Magnesium: The miracle mineral
Most Americans today are well informed of the importance of calcium in the body. Few, however, are aware of the need for magnesium, an essential mineral which has a close relationship with calcium. In fact, calcium and magnesium are both necessary for strong bones and teeth. Showing that, without magnesium, calcium alone would be useless.
Magnesium makes up about .05% of the average person's body weight. Sixty percent of this is found in the bones, while about 28% is found in the soft tissues of the liver and muscles – including the heart. Magnesium is the second most abundant intracellular cation in the body, involved in more than 300 enzymatic reactions involving glucose, fat and protein among many others.
What does that tell us about magnesium? Numerous studies have been conducted on the effect of magnesium on the body. In a study reported in the American Journal of Cardiology, 20% of patients with a trial fibrillation had a magnesium deficiency. In a study conducted in South Africa, a ten percent reduction in deaths caused by coronary heart disease was shown for every six milligrams per liter of magnesium in the water levels. In Oklahoma City, patients with low magnesium in their blood required more drugs to control hypertension that those with normal magnesium levels. Twenty patients receiving long term diuretics in Umea, Sweden, were given 345mg. a day of magnesium. After six months, nineteen of the twenty showed a drop in blood pressure.
Without the proper levels of magnesium in the body, results can be painful and destructive. The earliest symptoms of a magnesium deficiency include appetite loss, nausea, vomiting, diarrhea, mental changes, irritability and seizures. Magnesium deficiencies may cause calcium deposits in muscles and kidney – often resulting in painful kidney stones. A deficiency in magnesium leads to the constriction of blood vessels as well as reducing the amount of oxygen in the blood. Germ life multiplies; intestinal putrification products build up; Schizophrenic tendencies, borderline insanity, neuroses and manic depressive disturbance may occur.
As a treatment option, magnesium can do many wonderful things. In combination with calcium, magnesium is useful in reducing hypertension. A diet high in magnesium may prevent heart attacks and heart disease and improve cholesterol. Magnesium can be used to treat PMS, prevent kidney stones, fight depression, prevent premature labor, aid the treatment of nervous disorders, and treat diarrhea, vomiting and indigestion. A combination of magnesium – vitamin B6 therapy is often used to treat patients with Autism. Patients with chronic fatigue syndrome often respond favorably to magnesium supplementation. Magnesium can also be used to calm nerves, make the body more flexible, induce restful sleep, and cool the body. Other benefits from magnesium supplementation include the following: It purifies the body tissues and prevents phosphates from depositing in joints, which may lead to arthritis, bone complications, and gout. Magnesium has also been proven to cool the liver, sooth nerve endings, prevent motor nerve contractions, end neurotic cramps and mellow the temper.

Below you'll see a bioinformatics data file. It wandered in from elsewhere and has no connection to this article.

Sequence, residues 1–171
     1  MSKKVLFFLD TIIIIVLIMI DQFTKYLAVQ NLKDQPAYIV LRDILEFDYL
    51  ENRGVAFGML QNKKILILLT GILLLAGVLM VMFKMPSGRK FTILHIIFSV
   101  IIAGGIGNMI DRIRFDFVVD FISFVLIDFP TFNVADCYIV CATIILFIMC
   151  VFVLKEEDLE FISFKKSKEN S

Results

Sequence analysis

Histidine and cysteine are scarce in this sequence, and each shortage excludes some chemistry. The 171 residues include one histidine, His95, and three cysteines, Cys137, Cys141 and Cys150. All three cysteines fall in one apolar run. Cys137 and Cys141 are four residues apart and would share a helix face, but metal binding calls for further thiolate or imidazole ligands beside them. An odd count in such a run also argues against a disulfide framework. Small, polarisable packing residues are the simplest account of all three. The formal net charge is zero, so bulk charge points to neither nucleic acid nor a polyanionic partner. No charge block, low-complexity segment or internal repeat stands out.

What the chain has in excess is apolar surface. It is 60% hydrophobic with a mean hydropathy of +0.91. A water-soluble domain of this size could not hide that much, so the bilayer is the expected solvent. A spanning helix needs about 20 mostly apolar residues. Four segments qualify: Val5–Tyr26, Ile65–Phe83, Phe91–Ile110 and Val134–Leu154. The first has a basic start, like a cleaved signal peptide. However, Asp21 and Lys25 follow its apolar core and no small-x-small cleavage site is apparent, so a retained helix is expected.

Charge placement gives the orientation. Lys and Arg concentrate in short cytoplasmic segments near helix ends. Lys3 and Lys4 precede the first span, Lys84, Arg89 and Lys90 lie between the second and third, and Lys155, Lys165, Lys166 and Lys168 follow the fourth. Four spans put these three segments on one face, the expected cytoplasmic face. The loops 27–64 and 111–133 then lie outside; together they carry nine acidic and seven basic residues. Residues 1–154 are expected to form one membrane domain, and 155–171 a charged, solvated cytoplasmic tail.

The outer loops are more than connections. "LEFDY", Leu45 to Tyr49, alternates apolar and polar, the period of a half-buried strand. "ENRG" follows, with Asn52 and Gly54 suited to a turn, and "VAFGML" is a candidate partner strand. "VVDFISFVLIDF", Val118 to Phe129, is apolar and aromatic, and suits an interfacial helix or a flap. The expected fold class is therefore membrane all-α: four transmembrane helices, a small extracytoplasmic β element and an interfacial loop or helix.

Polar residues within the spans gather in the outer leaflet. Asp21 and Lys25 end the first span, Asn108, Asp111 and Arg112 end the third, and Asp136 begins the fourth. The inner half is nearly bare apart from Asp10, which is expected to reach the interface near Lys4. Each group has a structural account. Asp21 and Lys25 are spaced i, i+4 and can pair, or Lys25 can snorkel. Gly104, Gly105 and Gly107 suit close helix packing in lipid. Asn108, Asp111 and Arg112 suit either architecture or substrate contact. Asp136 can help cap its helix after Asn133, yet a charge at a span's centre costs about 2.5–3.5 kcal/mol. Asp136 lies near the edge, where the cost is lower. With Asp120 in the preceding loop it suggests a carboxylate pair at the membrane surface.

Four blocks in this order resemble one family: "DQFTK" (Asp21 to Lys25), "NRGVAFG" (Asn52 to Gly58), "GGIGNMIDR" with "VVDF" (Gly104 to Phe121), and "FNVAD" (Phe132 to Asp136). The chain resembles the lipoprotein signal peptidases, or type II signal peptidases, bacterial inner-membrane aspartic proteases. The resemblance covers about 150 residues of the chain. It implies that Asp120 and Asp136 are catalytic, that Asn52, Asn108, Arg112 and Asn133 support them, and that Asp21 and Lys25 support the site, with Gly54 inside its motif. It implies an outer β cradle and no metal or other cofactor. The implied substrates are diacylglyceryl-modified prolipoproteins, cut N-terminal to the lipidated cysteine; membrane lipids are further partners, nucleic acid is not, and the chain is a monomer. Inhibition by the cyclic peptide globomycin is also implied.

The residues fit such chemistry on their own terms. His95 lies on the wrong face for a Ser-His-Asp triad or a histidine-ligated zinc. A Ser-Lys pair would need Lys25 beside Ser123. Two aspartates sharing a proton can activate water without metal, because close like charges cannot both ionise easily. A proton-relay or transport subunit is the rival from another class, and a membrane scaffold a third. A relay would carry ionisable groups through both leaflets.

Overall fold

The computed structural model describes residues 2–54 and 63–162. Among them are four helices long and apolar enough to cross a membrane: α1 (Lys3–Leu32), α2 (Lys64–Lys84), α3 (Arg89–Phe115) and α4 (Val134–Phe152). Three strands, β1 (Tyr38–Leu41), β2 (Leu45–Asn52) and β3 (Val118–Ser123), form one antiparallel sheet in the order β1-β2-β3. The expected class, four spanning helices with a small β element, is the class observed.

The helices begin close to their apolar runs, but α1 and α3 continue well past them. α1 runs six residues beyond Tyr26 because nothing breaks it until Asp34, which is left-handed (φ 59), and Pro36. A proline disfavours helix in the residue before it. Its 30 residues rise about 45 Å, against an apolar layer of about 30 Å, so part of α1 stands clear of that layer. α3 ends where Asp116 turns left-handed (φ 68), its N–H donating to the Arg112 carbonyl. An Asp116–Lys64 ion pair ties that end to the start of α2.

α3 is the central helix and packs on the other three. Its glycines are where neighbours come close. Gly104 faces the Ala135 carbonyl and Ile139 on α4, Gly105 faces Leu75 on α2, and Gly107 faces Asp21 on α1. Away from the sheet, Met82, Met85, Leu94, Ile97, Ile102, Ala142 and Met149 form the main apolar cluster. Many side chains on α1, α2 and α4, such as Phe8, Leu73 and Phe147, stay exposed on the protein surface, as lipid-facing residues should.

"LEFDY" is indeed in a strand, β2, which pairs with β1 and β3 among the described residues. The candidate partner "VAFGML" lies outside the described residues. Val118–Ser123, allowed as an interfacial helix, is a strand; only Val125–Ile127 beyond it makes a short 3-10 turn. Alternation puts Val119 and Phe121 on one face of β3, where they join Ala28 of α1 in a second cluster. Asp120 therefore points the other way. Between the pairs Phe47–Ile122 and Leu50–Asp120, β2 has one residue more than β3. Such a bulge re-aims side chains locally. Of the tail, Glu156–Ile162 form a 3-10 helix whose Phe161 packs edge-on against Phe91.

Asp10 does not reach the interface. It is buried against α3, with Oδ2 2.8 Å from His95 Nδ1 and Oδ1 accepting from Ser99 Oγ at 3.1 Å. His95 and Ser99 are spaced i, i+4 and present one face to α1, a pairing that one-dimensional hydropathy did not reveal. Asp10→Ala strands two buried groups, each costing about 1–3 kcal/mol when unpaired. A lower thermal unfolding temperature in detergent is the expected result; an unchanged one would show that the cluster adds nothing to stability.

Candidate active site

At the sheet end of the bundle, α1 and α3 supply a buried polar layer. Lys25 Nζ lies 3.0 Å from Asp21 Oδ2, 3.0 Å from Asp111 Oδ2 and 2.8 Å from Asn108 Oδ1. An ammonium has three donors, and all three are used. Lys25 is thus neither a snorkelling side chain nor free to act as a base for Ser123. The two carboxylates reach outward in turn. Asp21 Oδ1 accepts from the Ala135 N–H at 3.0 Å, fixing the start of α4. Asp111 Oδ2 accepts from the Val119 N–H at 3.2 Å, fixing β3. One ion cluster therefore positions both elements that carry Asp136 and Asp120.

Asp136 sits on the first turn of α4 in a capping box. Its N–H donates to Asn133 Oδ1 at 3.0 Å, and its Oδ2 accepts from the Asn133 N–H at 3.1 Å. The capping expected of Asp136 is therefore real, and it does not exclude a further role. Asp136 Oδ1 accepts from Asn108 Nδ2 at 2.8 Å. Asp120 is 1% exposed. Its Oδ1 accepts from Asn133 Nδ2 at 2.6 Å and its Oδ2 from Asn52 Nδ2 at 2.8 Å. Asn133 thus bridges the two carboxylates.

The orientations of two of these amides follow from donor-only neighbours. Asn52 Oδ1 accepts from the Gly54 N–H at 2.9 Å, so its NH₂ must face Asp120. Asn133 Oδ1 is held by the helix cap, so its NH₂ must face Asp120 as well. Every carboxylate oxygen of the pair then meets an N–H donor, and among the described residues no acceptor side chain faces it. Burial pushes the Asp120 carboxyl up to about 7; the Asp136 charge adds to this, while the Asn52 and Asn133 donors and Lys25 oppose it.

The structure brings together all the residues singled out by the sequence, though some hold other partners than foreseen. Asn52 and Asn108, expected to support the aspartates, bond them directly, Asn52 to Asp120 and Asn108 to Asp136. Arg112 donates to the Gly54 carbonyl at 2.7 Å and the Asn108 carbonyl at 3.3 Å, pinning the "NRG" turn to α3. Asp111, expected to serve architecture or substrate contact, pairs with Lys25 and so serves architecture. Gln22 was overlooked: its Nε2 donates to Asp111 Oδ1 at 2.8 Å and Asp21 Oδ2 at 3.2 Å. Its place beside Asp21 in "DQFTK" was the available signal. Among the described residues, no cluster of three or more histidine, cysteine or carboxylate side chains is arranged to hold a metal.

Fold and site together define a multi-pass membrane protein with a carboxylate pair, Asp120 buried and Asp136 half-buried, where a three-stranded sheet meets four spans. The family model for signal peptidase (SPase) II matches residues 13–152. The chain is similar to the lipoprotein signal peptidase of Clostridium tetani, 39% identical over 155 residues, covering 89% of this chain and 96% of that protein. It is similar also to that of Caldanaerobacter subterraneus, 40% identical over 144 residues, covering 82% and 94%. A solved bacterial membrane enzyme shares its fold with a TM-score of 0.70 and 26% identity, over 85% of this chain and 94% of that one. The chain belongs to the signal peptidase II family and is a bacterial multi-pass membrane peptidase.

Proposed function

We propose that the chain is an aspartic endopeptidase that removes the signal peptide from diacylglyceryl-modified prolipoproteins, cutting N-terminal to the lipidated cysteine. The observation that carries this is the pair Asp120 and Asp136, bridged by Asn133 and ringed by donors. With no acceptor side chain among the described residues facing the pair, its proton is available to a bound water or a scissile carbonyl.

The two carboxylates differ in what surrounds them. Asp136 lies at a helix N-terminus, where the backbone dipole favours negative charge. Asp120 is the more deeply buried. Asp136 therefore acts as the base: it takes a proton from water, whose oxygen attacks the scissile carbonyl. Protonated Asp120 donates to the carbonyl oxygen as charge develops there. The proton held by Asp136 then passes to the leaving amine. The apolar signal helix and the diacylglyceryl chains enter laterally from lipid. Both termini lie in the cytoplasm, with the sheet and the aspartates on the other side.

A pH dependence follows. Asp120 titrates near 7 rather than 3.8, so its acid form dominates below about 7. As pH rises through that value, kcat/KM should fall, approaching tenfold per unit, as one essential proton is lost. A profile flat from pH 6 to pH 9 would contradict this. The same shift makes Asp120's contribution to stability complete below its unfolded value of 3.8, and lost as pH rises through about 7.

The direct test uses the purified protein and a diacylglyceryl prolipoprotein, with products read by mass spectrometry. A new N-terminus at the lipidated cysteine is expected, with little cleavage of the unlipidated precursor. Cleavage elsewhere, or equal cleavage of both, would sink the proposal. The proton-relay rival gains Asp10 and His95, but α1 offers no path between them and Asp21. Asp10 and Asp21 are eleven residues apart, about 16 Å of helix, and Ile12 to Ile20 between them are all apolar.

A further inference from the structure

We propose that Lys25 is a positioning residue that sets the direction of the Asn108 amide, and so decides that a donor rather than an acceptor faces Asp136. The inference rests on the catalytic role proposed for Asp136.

Magnesium is found in many food sources such as savory cabbage, dandelions, nettles, rye, barley, whole wheat, walnuts and almonds. The best food sources are whole grains and legumes. However, even if you believe you are eating plenty of magnesium-rich foods, you may still be deficient. Over 80% of magnesium is lost in the process of making refined white and enriched flours. Certain chemical additives used to keep frozen vegetables bright strip the food of its magnesium. In addition, there are many chemicals which deplete the body of magnesium. Diuretics and alcohol deplete what magnesium stores, while caffeine increases the excretion of magnesium, and phosphates, widely available in soft drinks, bind magnesium in the bowel and prevent its absorption. It is essential, furthermore, that one have sufficient calcium, vitamin C, and protein in order to absorb magnesium.
People with certain diseases are especially prone to magnesium deficiency, including patients with diabetes mellitus. Postmenopausal women and alcoholics are especially prone to osteoporosis caused by a lack of magnesium.
The only sure way to be confident that your body has sufficient magnesium is by magnesium supplementation, preferably by using a liquid source that is easily absorbed into the body's cells.